Arts & Cultural Vitality / 2013

Discovering LA’s Forgotten Landmarks: Celebrating Our Diverse Cultural History

Discovering LA’s Forgotten Landmarks: Celebrating Our Diverse Cultural History

Idea submitted in the My LA2050 Maker Challenge by The City Project

Los Angeles County is home to over 1,000 City of Los Angeles Historic-Cultural Monuments, over 100 California Historical Landmarks, and 20 National Historic Landmarks. Some, like the Coliseum, are prominent fixtures in the area. Others are hidden, such as the first Jewish site in LA tucked away on a hill by Dodger Stadium, or St. Vincent’s Place, the first institution of higher education in Southern California in what is now an alley between Broadway and Hill. Our idea is to create an interactive online guide and user-friendly smartphone app that highlight city, state, and national cultural and historic landmarks in LA County by mapping them with linked photos and content about each site’s history and cultural relevance. This service would increase exposure to the full spectrum of LA’s landmarks and paint a more complex, multicultural portrait of LA. Previously, we mapped over 940 City of Los Angeles monuments, with interesting findings (www.mapsportal.org/thecityproject/monuments). The official government listings contain limited information about the number, name, location, and date of designation of a monument. Through our research and mapping, we linked city monuments to map locations and added photos and brief content about the history and cultural relevance of the site. In so doing, we discovered that only ten percent of the city monuments were related to people of color, women, or Native Americans. This stands at odds with the diversity brought on by migration and immigration that was pivotal in LA’s creation, and it reflects the glaring inequities in our city. State-designated landmarks more closely approach an accurate reflection of LA’s demographics, with nearly 40 percent of the landmarks honoring people of color, women, or Native Americans. We will update and expand upon our online mapping of city monuments to include city monuments designated since our prior work and all state and federal historic landmarks. We will create a smartphone app that provides photos, locations, and content about each site’s history and cultural relevance to facilitate on-the-go access to and appreciation of all of LA’s landmarks. Mapping LA’s cultural and historic landmarks will reinvigorate forgotten cultural aspects of the county’s history. Local residents will gain a deeper understanding of their neighborhoods, and visitors will be able to see LA beyond its famous tourist attractions. In so doing, we hope to draw attention to the past and present demographics of the city and celebrate the history and diversity of LA.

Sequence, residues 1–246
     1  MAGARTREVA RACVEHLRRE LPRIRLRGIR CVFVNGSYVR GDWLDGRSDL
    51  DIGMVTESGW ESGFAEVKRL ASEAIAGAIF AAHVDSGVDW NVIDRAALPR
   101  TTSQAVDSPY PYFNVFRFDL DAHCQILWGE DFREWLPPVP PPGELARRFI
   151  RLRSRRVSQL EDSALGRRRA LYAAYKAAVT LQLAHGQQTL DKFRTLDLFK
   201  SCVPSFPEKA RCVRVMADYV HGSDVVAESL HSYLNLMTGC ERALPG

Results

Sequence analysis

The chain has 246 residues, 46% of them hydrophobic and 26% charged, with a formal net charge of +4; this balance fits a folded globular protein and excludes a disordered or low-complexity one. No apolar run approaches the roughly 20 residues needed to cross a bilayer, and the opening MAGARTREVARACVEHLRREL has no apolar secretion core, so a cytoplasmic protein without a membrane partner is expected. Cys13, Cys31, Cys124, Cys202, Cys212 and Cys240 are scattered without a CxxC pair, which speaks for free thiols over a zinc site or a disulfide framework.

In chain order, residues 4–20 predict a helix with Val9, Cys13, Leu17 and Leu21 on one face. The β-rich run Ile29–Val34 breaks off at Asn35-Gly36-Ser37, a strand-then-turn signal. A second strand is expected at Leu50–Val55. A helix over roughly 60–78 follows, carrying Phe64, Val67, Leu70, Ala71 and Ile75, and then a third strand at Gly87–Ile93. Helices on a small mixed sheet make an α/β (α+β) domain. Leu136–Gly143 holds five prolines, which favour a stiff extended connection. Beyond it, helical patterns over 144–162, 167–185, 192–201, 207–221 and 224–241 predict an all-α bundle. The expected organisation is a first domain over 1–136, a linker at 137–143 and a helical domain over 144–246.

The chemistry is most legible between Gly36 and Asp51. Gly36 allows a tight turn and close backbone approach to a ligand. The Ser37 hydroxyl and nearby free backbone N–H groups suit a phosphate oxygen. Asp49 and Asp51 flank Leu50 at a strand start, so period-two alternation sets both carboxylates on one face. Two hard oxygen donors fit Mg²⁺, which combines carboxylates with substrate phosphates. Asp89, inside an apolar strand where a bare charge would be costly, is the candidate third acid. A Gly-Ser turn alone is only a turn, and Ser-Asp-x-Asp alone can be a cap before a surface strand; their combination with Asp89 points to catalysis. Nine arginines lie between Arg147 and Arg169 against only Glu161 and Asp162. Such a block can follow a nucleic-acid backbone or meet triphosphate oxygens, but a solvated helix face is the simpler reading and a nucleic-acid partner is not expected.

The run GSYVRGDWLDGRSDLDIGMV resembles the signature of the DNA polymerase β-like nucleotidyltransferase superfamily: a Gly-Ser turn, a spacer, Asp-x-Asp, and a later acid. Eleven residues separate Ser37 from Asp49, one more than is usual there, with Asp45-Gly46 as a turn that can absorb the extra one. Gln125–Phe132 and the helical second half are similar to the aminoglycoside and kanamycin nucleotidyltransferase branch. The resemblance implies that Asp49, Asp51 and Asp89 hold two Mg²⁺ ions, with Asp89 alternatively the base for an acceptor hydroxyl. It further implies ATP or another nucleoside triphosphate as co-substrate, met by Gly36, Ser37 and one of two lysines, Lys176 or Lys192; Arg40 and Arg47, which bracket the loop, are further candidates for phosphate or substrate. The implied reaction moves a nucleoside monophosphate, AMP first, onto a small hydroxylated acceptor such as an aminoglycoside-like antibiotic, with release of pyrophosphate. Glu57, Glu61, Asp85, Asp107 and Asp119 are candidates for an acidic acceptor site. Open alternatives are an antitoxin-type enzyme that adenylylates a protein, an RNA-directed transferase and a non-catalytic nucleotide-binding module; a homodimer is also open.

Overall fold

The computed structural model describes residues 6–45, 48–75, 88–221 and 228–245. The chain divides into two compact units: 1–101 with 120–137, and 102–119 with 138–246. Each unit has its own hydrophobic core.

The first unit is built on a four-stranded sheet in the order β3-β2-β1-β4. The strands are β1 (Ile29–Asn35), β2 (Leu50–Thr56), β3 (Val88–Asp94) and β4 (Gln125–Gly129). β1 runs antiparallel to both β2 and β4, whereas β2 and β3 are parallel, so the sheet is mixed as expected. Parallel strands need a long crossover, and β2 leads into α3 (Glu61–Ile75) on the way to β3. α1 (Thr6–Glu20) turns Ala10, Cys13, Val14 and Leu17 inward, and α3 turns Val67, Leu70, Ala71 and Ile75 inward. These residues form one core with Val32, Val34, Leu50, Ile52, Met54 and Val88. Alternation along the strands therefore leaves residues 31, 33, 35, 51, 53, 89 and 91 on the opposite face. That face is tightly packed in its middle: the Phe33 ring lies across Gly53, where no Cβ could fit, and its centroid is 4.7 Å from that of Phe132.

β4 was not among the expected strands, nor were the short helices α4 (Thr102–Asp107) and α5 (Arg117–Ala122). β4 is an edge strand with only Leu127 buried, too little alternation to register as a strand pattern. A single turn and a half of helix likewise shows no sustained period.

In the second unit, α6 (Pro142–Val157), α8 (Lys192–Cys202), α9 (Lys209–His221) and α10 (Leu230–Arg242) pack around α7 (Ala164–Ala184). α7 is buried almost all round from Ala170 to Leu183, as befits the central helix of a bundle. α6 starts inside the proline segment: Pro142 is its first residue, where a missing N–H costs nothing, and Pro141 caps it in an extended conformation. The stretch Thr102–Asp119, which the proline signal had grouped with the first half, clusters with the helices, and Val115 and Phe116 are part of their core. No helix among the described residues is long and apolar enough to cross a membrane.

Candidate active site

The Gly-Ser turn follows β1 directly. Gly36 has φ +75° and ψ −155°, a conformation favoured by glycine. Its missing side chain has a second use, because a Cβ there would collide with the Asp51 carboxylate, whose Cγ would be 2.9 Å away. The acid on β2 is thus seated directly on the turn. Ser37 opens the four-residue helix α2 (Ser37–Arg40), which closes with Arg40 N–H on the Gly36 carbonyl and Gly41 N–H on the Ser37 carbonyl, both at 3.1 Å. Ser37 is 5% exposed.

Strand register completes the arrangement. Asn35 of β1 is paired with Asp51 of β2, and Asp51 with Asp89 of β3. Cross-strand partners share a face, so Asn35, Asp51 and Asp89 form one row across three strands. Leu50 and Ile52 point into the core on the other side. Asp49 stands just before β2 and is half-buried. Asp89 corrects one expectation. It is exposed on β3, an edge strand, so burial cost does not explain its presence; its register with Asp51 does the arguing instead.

What are some of your organization’s most important achievements to date?

The City Project is a nonprofit organization committed to achieving equal justice, democracy, and livability in Los Angeles. Since our founding in 2000, we have influenced the investment of over $41 billion in underserved communities.